Glomerulonephritis

"Different specialists including at least the pediatrician, nephrologist and nutritionist are necessary to achieve optimal treatment".

DR. FRANCISCO JAVIER LAVILLA ROYO
SPECIALIST. NEPHROLOGY DEPARTMENT

The term glomerulonephritis means inflammation of the glomerulus.

The glomerulus is the anatomical unit of the kidney where the blood's clearance or filtration function lies.

If there is an abnormal behavior, it can manifest itself in the form of a decrease in the volume of filtered blood (deterioration of renal function) or in the form of a loss of the selective filtration property.

The loss of selective filtration will lead above all to the elimination through the urine of different elements of the blood (such as red blood cells) and substances that are usually not lost or are lost in minimal quantities (such as blood proteins, albumin, gamma globulins, etc...).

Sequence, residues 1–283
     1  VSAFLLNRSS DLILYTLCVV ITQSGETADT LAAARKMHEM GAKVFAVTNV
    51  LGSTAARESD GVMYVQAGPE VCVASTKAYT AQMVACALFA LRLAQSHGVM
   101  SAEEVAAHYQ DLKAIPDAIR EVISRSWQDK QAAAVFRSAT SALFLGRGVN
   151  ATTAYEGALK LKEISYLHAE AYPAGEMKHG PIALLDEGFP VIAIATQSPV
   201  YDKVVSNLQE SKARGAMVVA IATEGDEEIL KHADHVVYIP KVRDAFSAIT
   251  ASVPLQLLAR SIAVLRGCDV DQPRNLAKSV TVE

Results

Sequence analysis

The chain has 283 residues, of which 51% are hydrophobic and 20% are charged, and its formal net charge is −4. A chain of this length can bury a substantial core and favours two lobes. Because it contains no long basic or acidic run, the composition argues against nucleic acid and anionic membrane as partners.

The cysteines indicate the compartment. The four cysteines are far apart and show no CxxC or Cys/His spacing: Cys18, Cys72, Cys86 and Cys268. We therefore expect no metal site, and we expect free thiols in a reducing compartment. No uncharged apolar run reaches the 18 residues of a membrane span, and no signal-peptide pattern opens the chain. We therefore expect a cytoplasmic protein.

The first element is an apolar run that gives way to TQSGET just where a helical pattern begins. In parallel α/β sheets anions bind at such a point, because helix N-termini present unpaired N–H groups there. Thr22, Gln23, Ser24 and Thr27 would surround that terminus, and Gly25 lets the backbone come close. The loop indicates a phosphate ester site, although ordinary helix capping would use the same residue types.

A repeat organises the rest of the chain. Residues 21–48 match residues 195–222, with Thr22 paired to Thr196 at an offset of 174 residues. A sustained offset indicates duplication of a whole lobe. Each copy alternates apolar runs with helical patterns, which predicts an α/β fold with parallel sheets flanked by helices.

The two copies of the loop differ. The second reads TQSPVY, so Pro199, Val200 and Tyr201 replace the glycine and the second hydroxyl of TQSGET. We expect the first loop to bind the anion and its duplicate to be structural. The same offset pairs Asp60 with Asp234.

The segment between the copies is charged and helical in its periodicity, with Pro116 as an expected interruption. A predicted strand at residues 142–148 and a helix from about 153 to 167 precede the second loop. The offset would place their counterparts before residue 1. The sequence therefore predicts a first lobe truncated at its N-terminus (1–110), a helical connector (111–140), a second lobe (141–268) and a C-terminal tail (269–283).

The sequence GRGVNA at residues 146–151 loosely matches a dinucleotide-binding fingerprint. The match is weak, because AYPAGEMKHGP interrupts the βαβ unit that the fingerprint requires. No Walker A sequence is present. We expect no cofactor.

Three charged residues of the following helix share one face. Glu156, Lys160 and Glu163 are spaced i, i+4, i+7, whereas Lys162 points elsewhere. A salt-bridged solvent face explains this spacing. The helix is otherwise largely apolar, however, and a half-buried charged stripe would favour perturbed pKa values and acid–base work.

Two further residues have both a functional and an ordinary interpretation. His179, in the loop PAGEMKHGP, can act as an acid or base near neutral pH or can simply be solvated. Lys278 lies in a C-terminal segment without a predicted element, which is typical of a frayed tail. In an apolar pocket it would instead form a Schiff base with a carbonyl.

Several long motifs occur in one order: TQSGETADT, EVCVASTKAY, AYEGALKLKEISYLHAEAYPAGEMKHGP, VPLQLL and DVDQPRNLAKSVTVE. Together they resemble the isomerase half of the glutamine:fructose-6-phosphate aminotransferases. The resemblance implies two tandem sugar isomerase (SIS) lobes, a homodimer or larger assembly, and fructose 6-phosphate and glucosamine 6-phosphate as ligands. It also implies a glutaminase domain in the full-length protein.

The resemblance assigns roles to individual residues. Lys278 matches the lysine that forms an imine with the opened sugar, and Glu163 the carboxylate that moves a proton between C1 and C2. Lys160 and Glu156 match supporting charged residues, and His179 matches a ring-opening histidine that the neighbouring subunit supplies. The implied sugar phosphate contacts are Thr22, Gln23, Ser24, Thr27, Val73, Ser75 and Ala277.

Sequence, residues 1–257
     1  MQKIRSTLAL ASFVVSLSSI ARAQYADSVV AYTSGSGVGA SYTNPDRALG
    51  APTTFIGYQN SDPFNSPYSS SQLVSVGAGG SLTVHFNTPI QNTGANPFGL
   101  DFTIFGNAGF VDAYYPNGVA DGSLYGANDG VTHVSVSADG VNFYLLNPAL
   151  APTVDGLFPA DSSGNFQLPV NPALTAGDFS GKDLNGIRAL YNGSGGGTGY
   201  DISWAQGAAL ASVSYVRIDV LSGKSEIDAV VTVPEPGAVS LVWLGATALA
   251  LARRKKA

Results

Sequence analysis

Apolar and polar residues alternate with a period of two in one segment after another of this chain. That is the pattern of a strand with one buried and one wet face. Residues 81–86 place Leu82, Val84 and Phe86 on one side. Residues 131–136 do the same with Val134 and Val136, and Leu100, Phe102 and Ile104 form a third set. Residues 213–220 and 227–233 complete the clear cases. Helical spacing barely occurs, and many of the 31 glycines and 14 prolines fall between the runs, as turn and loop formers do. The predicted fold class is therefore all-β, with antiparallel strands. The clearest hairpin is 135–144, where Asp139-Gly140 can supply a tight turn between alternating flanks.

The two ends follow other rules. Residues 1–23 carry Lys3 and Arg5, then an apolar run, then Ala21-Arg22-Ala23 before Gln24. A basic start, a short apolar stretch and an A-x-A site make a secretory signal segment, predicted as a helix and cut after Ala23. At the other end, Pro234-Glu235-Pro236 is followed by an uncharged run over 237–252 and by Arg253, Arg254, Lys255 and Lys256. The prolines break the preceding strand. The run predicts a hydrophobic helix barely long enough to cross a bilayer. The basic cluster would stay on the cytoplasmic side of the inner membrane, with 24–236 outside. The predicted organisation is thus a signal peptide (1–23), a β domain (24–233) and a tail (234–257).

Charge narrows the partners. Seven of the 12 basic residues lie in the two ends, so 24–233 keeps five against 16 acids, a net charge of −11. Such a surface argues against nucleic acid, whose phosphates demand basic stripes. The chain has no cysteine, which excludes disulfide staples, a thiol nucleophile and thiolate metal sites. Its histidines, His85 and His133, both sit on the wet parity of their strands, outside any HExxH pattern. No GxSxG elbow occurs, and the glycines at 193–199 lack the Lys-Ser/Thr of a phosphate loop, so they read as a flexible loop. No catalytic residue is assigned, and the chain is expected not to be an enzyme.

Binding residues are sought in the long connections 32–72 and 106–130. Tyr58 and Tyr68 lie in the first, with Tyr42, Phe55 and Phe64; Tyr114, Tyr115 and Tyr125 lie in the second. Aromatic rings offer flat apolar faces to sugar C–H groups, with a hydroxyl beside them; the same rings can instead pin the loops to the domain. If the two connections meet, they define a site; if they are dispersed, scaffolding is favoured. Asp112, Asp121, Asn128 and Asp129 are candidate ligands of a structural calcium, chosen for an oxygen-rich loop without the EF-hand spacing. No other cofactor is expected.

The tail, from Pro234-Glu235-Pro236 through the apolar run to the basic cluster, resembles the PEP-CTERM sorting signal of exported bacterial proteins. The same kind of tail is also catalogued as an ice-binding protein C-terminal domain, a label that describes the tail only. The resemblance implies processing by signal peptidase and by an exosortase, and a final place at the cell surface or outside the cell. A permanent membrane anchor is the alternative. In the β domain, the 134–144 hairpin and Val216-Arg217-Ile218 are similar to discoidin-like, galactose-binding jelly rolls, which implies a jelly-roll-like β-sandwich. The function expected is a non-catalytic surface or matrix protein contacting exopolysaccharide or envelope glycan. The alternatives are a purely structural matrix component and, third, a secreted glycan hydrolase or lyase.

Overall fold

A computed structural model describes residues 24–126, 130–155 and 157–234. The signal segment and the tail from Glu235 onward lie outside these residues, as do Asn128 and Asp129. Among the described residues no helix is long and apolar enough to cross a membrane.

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What are the symptoms of glomerulonephritis?

In the first case there is usually a rapid deterioration of kidney function with a decrease in the amount of urine, which is very pathological with the presence of red blood cells and cellular detritus in the form of cylinders that can be observed under the microscope.

As a consequence of these alterations a significant retention of liquids can appear with the appearance of arterial hypertension and cardiac insufficiency. 

The nephrotic syndrome usually evolves with a preserved or slightly deteriorated renal function but with a very important loss of proteins through the urine.

This loss of protein in the urine leads to a decrease in the number of proteins in the blood with the appearance of edema due to the extravasation of water from the vessels, and a compensatory response by the liver that, when trying to counteract this deficit of proteins by manufacturing more, causes an increase in lipid levels.

The most common symptoms are:

  • Red urine due to hematuria or dark brown color.
  • Decrease in the formation of urine.
  • Increase in respiratory effort.
  • Headache, Hypertension, Fatigue.
  • Pale skin and mucous membranes.
  • Edema.

Do you have any of these symptoms?

You may have glomerulonephritis